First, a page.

Do you need help simplifying your compliance procedures?   

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Mark works with SMEs and charities to develop strategies to help them grow and access development capital. He is a NED, charity trustee and mentor to a wide range of people. His plural career started in 2017 after 16 years at pwc as a Deals partner working with large corporates and PE houses; at pwc he also ran the Retail and Consumer practice and was Chairman of the pwc UK Supervisory Board. Prior to pwc he was an executive director at Welcome Break and Iceland Group, and a partner at Bain and Company. He trained as an engineer at Imperial College and has an MBA from INSEAD. 

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Eamon Flavin

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Eamon is a highly regarded and massively respected technology career professional as well as serial entrepreneur. He has started, grown and successfully taken to market three technology business.

Genuinely expert in technology, Eamon has enjoyed long-term working relationships with many of the world’s top companies and organisations in finance, banking, government, manufacturing, engineering, technology and the charities sector.

He draws on unparalleled contacts and experience and provides advice, solutions and recommendations, as well as helping respond to emergencies. Eamon has grown in-house and client teams and has a gift for hiring great people.

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Peter has the ability to do what many fail to and that is to consistently bring together highly professional teams and build a business environment that is supportive, agile, professional and where everyone enjoys coming into the office.

Bringing a unique blend of business acumen and technical knowledge to the role of non-exec director, Peter has already demonstrated his ability to bring an exceptional flair for dealing with complex situations with a clear, considered approach.

Personally, Peter brings humility and a strong moral compass to the team. His disarming and self-deprecating approach wins everyone over.

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Anwen has worked in B2B and B2C marketing for over 20 years. From transforming end-to-end customer journeys in retail with strategic customer-centric plans to target driven focused strategies for B2B sales. With extensive experience in digital marketing including SEO, as well as Brand development, she loves to develop a cohesive approach to brand image and communications to drive and develop the business proposition and perception.

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Alice has worked in the IT industry for 20 years. Starting in Procurement, she moved into Software Asset Management before transitioning into Customer Success Management. Working across a variety of roles for different industries as both a customer and a service provider has given her a great understanding of what makes a great service. She has always been passionate about building and maintaining great customer relationships and helping her customers achieve their goals.

Owain Rowley

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Owain has spent nearly a decade building software solutions and products within the cyber security sphere for the likes of government entities, large telecommunication companies, banks and card transaction companies.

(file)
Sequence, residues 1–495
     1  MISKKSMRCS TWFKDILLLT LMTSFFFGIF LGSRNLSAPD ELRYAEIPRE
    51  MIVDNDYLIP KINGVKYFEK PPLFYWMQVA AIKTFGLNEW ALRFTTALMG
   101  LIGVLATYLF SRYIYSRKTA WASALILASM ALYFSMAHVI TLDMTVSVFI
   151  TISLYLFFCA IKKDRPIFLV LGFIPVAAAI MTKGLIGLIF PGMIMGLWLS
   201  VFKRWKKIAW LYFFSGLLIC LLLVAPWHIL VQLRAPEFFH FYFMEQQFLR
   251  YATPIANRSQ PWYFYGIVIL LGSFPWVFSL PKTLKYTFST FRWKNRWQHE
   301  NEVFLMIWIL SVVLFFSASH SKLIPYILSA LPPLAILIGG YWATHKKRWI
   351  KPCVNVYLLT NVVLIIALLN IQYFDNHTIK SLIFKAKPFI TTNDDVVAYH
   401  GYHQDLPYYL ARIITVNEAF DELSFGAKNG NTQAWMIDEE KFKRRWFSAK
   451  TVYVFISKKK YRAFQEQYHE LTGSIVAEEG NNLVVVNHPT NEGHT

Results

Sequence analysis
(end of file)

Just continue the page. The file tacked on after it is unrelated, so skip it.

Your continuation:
This level of experience allows him to swiftly identify business and security processes that can be streamlined with automation, increase the efficiency of existing processes, as well as generate insightful data visualisations and models for members of an organisation at each different level.

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Ami is a finance sector career professional, with many years’ experience working in financial services, both in London and throughout the UK. In addition to financial control, she looks after HR and legal for the company.

Being a mother of two also equips her with the basic skills required to manage a senior team of management and technology consultants.

Ami’s sense of balance and perspective is an essential ingredient of the Quod Orbis culture.

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Alastair has spent the last 20 years working in Cyber Security and Risk Management. He is a passionate believer that security solutions should enable a business to take advantage of all the benefits of the digital world, while not putting the organisation’s data or productivity at risk.

Alastair has developed high-performing teams in some of the industry’s most competitive markets and launched new innovative technologies to market.

Being a rugby coach, and also having four sons at home, means he has lots of experience in keeping a passionate team in order but always has time for some fun!

Gary Penolver


Gary has 15 years’ experience in senior technology roles, and has already been closely involved in starting and taking two technology companies to market.

Totally comfortable with a fast-moving, state-of-the-art technical landscape, he helps his clients maintain and improve security and compliance.

He has a reputation for delivering pragmatic and easy to maintain solutions – business owners and managers enjoy knowing that the security and compliance is well managed and automated, properly instrumented and reported at a competitive cost point.

Honest, open, unflappable and very social, Gary is trusted by many household-name organisations to protect their, and their client’s data.

Martin Greenfield


Martin is an experienced technology and organisational transformation specialist and an excellent, proven leader and communicator in mission-critical operations, particularly in security technology.

Over the past 20 years, multi-billion pound commercial organisations, including global banks, utilities and major investment funds have trusted Martin to transform their operations to meet financial, operational and compliance targets.

Martin optimises operations, managing and transforming operational teams of between 50 and 500 people, to deliver the highest levels of audit compliance, risk management and financial efficiency.

Often working with other major consultancies and suppliers for new global corporate owners or management teams, Martin will help integrate and streamline operations on a global basis.